BornAugsburg, (Bavaria, Germany)
DiedAugsburg, (Bavaria, Germany), 1627
Little is known about Julius Schiller; he is famous for his contribution to celestial cartography, thanks to his atlas entitled Coelum Stellatum Christianum (Augsburg, 1627). In this work, he improved Johann Bayer’s Uranometria, on the basis of Johannes Kepler’s Tabulae Rudolphinae, both correcting stars’ positions and adding stars that Bayer omitted in his atlas.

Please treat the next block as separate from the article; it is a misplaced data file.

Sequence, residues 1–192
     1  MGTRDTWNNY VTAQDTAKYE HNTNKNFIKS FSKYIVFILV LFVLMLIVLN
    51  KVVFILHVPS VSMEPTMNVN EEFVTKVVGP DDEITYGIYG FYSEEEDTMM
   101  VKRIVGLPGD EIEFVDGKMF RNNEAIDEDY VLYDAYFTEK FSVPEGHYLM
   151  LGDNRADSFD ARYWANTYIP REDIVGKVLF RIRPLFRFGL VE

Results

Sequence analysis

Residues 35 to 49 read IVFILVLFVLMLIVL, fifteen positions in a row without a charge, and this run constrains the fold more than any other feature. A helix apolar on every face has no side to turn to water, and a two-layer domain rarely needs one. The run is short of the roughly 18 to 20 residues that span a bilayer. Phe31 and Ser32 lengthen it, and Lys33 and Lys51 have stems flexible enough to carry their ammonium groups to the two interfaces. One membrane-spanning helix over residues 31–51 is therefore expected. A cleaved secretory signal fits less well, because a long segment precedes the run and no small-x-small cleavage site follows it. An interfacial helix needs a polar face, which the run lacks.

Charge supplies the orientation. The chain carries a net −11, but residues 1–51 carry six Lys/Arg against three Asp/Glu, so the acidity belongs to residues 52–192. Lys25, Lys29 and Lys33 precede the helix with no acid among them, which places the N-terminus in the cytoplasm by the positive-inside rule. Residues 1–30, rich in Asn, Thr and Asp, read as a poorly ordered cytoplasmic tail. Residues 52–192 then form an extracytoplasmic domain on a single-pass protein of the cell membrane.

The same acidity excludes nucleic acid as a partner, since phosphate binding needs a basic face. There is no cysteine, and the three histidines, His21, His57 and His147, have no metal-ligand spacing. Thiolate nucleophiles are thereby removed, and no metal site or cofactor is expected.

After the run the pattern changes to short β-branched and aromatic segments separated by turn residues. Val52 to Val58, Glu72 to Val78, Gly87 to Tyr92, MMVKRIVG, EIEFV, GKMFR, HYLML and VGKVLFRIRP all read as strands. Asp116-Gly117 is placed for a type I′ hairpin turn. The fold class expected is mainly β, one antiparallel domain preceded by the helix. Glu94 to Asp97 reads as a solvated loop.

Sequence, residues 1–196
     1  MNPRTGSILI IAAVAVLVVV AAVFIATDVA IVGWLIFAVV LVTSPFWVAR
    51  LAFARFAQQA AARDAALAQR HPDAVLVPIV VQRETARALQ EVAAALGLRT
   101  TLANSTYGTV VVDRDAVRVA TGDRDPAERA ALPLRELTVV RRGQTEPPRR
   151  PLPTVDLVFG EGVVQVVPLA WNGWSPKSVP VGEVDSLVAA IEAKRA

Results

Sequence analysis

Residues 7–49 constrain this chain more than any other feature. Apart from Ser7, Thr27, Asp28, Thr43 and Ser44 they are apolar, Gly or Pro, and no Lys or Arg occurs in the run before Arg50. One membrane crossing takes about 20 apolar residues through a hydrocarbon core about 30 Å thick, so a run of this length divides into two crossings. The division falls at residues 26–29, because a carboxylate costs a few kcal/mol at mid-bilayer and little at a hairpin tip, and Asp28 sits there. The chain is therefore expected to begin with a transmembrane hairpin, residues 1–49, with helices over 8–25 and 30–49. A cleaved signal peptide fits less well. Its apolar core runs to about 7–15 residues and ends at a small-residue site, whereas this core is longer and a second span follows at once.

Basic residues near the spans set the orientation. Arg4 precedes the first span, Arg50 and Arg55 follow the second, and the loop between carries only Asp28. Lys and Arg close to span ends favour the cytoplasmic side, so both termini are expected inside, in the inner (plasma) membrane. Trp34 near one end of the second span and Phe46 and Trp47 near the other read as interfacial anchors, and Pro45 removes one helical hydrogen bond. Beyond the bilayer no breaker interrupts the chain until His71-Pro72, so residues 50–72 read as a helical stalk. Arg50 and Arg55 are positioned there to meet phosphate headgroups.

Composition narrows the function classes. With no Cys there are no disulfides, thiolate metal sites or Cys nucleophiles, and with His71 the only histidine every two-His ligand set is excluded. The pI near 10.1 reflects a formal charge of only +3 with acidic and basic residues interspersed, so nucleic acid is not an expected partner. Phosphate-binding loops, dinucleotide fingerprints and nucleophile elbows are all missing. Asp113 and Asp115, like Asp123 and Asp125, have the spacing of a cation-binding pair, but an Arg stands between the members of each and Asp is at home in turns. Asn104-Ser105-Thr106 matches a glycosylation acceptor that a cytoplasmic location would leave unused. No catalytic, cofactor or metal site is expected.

The most interesting peculiarity of Schiller’s atlas, from the point of view of the history of celestial cartography, was the attempt to substitute for the constellations deriving from the ancient tradition, new Christian asterisms inspired by the Old Testament (in the Southern Celestial Hemisphere) and the New Testament (in the Northern Celestial Hemisphere). The 12 zodiacal constellations were replaced with the figures of the 12 apostles. However, Schiller’s proposal was not followed by other cartographers, and his Christian constellations became a...